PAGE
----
In Erasmus’ famous 1511 essay, The Praise of Folly, the embodiment of Folly herself delivers satirical oratory, praising herself and critiquing the norms and institutions of the day.
The piece itself is wonderfully well written, and there is a wealth of scholarship examining Erasmus’ satirical intents.
But there is one element of the essay which I have always found particularly striking. As Folly finalizes her argument, she closes her refined rhetoric by stating:
If anything I have said shall seem too saucy or too glib, stop and think: ‘tis Folly, and a woman, that has spoken. But of course you will also remember that Greek proverb, “Even a foolish man will often speak a word in season,” unless, perhaps you assume that this does not extend to women.
Patricia Bizzell notes that scholars have generally paid little attention to Folly’s gender – after all, female muses and even fools were common in Renaissance oration, with roots dating back further.
Yet ignoring Folly’s gender seem a misstep – it is not incidental, but rather a core element of Erasmus’ satire. Folly’s gender allows her dismiss herself – after all, ‘tis Folly, and a woman, that has spoken – even as she delivers outspoken criticism of society.
Her gender also makes her an outsider, as Bizzell writes:
I can’t take the persona’s gender for granted, especially as she’s depicted in Holbein’s illustrations for an early edition of the Praise: a woman in a fool’s cap and bells and an academic gown, speaking from a rostrum to an audience of men similarly attired (see Moriae 1989).
And while female personas were perhaps common in Renaissance work, Folly’s place as an orator is particularly notable. As Bizzell points out, “in the Renaissance, a woman who practices rhetoric in public, whether by orating or publishing, is usually deemed to be unchaste.”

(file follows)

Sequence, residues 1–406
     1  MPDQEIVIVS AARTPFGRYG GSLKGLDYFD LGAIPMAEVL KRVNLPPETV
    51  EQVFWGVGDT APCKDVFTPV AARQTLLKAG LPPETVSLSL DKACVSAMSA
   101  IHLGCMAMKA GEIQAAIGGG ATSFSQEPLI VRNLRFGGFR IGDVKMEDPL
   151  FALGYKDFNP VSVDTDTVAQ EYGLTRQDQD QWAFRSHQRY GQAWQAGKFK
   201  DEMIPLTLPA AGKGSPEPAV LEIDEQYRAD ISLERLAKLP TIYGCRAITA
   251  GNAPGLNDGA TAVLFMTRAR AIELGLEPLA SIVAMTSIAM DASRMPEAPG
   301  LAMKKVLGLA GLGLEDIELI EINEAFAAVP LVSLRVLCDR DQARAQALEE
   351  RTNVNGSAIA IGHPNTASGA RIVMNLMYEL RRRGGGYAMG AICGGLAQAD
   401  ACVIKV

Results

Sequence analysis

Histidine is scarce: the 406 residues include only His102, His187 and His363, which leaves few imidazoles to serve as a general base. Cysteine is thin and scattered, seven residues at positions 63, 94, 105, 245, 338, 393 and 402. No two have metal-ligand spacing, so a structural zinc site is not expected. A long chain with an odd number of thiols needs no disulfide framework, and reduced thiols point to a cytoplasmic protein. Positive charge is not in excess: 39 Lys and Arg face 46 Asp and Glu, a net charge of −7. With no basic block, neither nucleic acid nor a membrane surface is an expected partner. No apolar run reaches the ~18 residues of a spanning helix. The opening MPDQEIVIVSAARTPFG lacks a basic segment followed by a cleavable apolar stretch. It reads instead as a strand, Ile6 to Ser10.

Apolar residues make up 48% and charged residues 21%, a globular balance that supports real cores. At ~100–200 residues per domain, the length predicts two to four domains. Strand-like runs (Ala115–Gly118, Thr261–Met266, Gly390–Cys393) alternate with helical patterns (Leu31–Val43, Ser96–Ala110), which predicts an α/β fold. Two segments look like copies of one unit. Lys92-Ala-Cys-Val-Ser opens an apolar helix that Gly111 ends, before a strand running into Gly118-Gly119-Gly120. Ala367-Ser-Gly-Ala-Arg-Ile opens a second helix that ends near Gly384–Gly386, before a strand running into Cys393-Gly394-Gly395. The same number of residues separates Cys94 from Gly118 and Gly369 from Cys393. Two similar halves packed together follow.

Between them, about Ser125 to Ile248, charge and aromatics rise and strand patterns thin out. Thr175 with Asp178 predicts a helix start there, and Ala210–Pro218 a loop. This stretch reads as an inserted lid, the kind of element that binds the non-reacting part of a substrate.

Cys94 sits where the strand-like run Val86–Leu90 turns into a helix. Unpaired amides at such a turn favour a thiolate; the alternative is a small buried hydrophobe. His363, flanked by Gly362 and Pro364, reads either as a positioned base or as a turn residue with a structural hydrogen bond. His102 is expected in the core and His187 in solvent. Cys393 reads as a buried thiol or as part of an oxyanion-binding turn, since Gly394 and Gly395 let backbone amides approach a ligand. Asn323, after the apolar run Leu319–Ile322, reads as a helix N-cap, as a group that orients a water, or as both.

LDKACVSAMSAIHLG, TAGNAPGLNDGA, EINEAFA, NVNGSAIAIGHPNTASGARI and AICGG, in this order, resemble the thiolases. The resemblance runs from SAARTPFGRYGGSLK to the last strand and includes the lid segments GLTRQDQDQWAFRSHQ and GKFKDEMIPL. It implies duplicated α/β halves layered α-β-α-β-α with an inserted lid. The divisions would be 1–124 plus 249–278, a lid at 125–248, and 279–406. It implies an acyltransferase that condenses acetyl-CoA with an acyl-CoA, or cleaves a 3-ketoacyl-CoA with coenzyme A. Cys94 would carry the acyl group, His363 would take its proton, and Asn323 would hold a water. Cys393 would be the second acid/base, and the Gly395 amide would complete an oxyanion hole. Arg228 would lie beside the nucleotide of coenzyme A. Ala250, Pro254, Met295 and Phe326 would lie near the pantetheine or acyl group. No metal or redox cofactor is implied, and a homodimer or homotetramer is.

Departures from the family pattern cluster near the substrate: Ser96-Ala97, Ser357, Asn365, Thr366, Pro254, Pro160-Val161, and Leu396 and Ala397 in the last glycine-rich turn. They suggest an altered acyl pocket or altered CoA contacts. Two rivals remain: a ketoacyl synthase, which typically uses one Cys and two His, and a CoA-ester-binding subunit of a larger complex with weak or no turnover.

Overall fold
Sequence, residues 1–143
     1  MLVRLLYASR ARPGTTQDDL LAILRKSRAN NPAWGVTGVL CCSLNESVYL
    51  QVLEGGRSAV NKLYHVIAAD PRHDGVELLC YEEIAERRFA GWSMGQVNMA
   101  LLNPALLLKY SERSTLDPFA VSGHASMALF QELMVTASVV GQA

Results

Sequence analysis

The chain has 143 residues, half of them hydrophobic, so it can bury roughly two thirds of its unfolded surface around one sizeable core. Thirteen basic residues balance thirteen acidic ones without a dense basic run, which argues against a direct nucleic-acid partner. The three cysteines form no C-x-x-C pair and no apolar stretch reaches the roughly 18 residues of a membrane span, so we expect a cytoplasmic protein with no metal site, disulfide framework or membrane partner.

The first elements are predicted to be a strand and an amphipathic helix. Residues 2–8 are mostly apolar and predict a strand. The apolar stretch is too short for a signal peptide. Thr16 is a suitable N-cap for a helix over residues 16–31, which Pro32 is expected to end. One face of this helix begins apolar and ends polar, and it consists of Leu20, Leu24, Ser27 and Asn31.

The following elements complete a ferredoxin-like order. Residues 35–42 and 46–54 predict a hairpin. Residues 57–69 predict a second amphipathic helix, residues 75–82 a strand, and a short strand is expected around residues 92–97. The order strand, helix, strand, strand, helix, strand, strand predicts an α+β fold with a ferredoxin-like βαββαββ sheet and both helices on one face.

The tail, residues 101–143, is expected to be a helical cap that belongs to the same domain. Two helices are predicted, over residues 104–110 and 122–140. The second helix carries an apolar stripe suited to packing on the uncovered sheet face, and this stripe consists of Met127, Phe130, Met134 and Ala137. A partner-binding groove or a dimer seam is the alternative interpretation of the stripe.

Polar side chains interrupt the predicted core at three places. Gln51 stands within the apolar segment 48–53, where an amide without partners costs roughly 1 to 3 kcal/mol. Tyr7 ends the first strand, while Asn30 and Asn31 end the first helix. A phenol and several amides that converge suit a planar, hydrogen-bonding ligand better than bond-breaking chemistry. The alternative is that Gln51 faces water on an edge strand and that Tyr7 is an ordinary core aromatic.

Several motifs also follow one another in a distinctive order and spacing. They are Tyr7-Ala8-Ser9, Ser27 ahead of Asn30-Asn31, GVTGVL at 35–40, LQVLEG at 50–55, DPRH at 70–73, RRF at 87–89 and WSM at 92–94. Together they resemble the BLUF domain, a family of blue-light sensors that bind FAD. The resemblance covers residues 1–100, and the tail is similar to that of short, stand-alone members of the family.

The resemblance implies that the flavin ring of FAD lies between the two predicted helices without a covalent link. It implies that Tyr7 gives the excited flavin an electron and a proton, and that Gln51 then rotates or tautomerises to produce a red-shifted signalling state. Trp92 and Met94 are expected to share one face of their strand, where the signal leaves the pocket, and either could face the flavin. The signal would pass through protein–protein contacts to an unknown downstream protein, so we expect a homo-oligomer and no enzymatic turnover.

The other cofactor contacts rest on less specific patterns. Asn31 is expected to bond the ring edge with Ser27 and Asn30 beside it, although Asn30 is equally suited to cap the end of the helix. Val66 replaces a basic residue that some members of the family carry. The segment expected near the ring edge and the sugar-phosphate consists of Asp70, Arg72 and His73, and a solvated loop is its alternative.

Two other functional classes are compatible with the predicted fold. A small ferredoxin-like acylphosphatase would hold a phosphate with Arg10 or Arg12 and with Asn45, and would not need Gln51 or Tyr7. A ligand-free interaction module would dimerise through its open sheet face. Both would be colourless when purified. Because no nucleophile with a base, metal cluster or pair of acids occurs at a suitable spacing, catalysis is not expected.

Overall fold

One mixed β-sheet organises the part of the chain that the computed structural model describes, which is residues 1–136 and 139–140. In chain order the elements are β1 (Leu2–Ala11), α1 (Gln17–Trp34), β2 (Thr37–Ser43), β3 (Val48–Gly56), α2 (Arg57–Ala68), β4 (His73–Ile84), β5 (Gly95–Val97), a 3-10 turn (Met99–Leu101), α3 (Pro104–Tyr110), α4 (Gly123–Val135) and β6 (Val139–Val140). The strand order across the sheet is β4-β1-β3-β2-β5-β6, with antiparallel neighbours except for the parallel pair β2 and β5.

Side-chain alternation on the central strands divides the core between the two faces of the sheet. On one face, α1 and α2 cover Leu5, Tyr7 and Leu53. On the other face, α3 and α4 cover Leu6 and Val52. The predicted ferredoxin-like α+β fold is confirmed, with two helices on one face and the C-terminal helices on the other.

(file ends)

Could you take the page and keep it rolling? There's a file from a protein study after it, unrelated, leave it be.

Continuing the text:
Even as humanists education expanded to include upper class women as well as men, women continued to be barred from the study of rhetoric. Oratory and rhetorical debate were fields where learned men battled. For a woman to enter such an arena – to share her voice in the public sphere was, in Bizzell’s words, like “the only female player in a touch football game…what chaste women would take such a risk?”
All this leaves unanswered the question of exactly what Erasmus’ argues for in Folly, but it raises the importance of gender in transmitting that message.
The role of the Fool has long been to speak truth to power, protected by their own foolishness and disdained place in society. Folly, the unchaste woman, has particular power in this regard – power bestowed by her entire lack of power.
Though ‘entire lack’ is a blatant overstatement here, as the woman rhetor, well trained in the humanists arts, is no doubt of a certain class and a certain race – maligned for her gender but more empowered than others nonetheless. As Bizzell concludes:
If we think of ourselves as symbolically risking making fools of ourselves, we might consider the implications of taking on not only the fool’s disregard for social convention, which allows social criticism and the enactment of solidarity, but also the fool’s embrace of marginal social positions as well.
Perhaps this is ultimately why the persona of Folly spoke so strongly to me when I first read Erasmus’s mock-encomium. In the persona of the foolish slut, I saw, on the one hand, ways to compensate for my lack of gender privilege, that is to wrest rhetorical freedom out of the liabilities I incur as a woman breaking the taboos that still to some extent obtain on a woman’s speaking in public. On the other hand, I saw ways to undermine my race and class privileges, which may prevent me from identifying with oppressed people as much as I want to do: this very adoption of the ass-eared cap lends a provisionality to my words which, I hope, invites all others into the rhetorical process with me.